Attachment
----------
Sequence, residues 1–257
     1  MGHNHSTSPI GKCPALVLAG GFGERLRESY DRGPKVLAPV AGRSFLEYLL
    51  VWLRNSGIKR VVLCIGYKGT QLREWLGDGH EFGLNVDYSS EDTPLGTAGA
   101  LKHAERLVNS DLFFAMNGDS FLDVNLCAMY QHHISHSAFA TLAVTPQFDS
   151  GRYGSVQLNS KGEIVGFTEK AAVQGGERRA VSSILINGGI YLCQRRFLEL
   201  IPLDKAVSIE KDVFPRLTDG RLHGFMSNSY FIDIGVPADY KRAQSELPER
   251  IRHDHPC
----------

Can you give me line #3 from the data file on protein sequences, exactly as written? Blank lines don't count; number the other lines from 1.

    51  VWLRNSGIKR VVLCIGYKGT QLREWLGDGH EFGLNVDYSS EDTPLGTAGA